The alarm on my cell phone wakes us with a start at 2:00pm. The street noise is at high-pitch, and I wonder how we could have slept through all of the commotion emanating from three floors below.
We brush our teeth with bottled water and splash cold water on our faces, taking extra, fearful care not to ingest any of the non-filtered stuff. We are determined to make it through the next 10 days without having to take the precautionary antibiotics that our HMO has provided us. Siobhan has already prepared me for how to dress in northern India: even though it is warm, hot even, a woman must be modest and covered at all times. I choose a white blouse with a discreet neckline and three-quarter length sleeves. My navy culotte skirt only shows about an inch of skin above my socks. Sturdy walking shoes and a headscarf complete my not-so-fashionable-by-Western-standards touring outfit. As a man, Tim’s dress is less prescribed, but he chooses his clothes with an obvious desire not to stand out: a brown, loose fitting shirt and cargo pants.
We look at one another, take a deep breath and unlock the door. I think we are both a bit intimidated by the thought of once again facing the crowds, but as we have only this day in Delhi, it is time to set out to explore the old city.
The early-morning enterprise in the lobby has passed, and it seems that the lone person running the operation is the manager behind reception. He is greeting and registering four new European guests, backpackers who must have read the same guide book that brought us to The Grande Godwin. As we want our host to arrange for a cab-tour of Old Delhi, we take a seat and wait, a bit impatiently on my part, while the precious minutes of daylight tick away. Fifteen minutes pass and finally bell-boys are summoned to escort the new quests to their rooms. Tim approaches with our request. The manager-reception-clerk-bell-captain and concierge must put his “Ring Bell for Service” sign on the reception counter before he crosses to the concierge desk to assist us.
“And how may I help you today, Whalens?” he asks. Tim explains that we only have a short stay in Delhi and we wish to see the city with a driver who speaks English and can point out some of the important historical sites.
“I know of such an excellent driver. Are you willing to pay?”
“Within reason,” replies Tim.
“Then for six hours you will pay driver 500 rupees (about $10./USD) and you will pay me 200 rupees.”
Siobhan had also prepared us to expect to negotiate prices for everything, as we would immediately be identified as rich Americans who had lots of money. “That seems like a lot of money for a booking fee”, I counter. The smile leaves his face and he returns an icy stare. For the rest of the “negotiation” he speaks only to my husband, the man.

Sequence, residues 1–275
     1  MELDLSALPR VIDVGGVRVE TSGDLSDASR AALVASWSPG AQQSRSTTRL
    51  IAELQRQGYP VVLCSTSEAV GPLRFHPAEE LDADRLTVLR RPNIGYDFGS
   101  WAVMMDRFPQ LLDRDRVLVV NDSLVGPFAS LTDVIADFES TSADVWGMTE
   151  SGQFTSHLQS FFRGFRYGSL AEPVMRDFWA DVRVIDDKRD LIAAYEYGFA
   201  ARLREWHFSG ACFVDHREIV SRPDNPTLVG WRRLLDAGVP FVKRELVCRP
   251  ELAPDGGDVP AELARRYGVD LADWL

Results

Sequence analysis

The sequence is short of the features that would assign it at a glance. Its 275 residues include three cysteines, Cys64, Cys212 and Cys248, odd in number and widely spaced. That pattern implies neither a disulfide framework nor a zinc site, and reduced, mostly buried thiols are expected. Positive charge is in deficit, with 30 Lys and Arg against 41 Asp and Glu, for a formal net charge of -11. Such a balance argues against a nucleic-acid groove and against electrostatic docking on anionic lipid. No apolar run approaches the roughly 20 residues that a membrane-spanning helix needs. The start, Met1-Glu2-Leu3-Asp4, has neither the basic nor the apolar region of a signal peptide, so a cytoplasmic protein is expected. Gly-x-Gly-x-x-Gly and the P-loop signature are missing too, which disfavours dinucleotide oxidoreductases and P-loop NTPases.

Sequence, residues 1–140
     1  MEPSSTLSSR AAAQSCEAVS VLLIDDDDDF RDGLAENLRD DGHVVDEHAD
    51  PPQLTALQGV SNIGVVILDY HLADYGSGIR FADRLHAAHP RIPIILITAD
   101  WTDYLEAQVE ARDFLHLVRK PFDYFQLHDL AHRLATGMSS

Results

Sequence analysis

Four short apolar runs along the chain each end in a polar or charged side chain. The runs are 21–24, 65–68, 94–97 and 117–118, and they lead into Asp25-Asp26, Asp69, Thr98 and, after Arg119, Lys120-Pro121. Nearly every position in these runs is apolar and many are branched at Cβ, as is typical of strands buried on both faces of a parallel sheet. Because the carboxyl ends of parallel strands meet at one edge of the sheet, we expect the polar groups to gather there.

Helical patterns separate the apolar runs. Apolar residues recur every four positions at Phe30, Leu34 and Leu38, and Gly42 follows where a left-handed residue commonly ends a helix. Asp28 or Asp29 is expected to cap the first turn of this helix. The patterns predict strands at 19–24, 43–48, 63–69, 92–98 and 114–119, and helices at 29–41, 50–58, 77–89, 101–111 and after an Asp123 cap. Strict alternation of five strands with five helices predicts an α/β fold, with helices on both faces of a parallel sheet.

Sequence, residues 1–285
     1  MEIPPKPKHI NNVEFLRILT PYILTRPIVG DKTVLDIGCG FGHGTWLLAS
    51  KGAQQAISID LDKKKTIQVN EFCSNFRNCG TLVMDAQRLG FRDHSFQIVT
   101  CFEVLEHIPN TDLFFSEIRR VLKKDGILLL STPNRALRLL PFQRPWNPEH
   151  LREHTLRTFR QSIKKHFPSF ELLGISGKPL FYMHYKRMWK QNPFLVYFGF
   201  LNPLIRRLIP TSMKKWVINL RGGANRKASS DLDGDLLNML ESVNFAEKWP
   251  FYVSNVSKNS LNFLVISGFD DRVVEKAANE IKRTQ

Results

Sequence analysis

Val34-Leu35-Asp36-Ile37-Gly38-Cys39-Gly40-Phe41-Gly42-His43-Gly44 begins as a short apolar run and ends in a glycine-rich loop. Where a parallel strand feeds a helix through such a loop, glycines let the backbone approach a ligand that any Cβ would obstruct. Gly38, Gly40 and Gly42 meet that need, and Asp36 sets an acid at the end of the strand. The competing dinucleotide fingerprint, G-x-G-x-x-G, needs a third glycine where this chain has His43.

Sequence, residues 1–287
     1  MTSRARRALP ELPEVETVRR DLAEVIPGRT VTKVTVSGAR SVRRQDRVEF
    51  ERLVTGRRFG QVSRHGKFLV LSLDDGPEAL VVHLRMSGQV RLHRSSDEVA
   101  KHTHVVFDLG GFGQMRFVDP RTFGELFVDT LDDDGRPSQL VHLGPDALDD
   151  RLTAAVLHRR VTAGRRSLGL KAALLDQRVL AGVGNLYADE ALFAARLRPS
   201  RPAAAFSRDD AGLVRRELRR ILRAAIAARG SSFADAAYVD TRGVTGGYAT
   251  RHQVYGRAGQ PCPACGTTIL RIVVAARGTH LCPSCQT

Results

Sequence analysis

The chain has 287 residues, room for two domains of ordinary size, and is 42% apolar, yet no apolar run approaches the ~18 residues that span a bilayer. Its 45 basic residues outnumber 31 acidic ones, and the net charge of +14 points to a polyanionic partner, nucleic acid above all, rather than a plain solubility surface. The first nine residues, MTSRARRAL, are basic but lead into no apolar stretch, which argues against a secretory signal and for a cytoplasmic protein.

I am marginalized, put in my place. I pout.
We pay him 500 rupees for the driver, and 200 for his efforts.
While we wait for our cab, Tim continues to seek his help in securing train reservations for our trip to Jaipur. We want to travel the next day, on the early train that leaves Delhi’s main station at 6:30am. The concierge checks his computer, rubs his chin and pulls out his cell phone. A rapid Hindi conversation ensues, and he hangs up shaking his head.
“I am sorry, Whalens. You can be only # 34 and # 37 on the waitlist. Third class. No AC.”
“What does that mean?” I ask, forgetting my place. He glares at me and addresses Tim.
“It means you will pay me 300 rupees each for your waitlist ticket. There will also be a 200 rupee fixer’s fee for me. But you will waste your money. There will not be any seats for waitlist, especially high numbers. The train will be gone and so will your money.”
I am getting frustrated. “But why wouldn’t India Railway honor our tickets for another trip?”
“That is not the way it works here in India. You buy ticket for train. You take. It’s in contract.”
I am beginning to think that an extra hundred rupees would fix this problem, but we will not give in. “Maybe you stay here, in Delhi, for a few more days,” our friend says. “I make sure you see all sights and eat at fine restaurant establishments. I will take care of everything for you.”
“No. We must meet our daughter tomorrow,” states Tim. “Is there anything later in the day that would get us into Jaipur before nightfall?” Again, the concierge consults his computerized schedule, shakes his head and picks up his cell phone. He nods, smiles and hangs up. “OK. Here is what I can do for you. You take 10:00am train from other station and get into Jaipur at 3:00pm. AC chair car. Is nice for day trip. I can do for 500 rupees each and 300 fixer’s fee.”
I look at Tim. Frankly, this back-and-forth is giving me a headache and making me anxious and angry. I want to get into our taxi and see the sights, to leave this man to his “fixing”.
“All right.” He smiles broadly and makes a great show of pulling up the online reservation. “You all set, Whalens. I have car for you tomorrow morning at 9:00. Meet here in lobby.” And at that, he looks up to greet our driver.
“Samy. This is Whalens. They want to see Delhi history. You take. Six hours.”
“I would be honored,” replies Samy. Samy is a handsome, stockily-built Sikh. He wears the traditional red turban, and his beard is styled in the prescribed Sikh manner. He has a broad smile that reveals straight, white teeth and one gold eye-tooth. His eyes twinkle with some secret amusement; my own are glazed-over. He gives out a deep laugh as we all exit the lobby and walk to his car. “I see you have survived your dealings with Rajesh.” He laughs again.
And we are off to see Old Delhi.